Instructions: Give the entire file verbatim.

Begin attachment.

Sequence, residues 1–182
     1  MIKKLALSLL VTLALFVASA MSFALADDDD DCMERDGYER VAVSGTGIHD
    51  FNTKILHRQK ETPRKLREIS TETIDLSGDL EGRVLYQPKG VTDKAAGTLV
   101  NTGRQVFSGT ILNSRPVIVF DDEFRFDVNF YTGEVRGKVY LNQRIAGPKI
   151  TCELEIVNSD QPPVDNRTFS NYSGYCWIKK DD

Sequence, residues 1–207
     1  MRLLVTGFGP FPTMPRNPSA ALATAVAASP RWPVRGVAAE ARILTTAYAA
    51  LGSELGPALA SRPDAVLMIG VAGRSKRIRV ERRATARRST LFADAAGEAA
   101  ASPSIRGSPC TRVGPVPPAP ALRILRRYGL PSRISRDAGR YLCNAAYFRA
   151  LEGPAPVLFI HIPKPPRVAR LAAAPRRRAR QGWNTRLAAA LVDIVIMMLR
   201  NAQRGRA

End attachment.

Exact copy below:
Sequence, residues 1–182
     1  MIKKLALSLL VTLALFVASA MSFALADDDD DCMERDGYER VAVSGTGIHD
    51  FNTKILHRQK ETPRKLREIS TETIDLSGDL EGRVLYQPKG VTDKAAGTLV
   101  NTGRQVFSGT ILNSRPVIVF DDEFRFDVNF YTGEVRGKVY LNQRIAGPKI
   151  TCELEIVNSD QPPVDNRTFS NYSGYCWIKK DD

Sequence, residues 1–207
     1  MRLLVTGFGP FPTMPRNPSA ALATAVAASP RWPVRGVAAE ARILTTAYAA
    51  LGSELGPALA SRPDAVLMIG VAGRSKRIRV ERRATARRST LFADAAGEAA
   101  ASPSIRGSPC TRVGPVPPAP ALRILRRYGL PSRISRDAGR YLCNAAYFRA
   151  LEGPAPVLFI HIPKPPRVAR LAAAPRRRAR QGWNTRLAAA LVDIVIMMLR
   201  NAQRGRA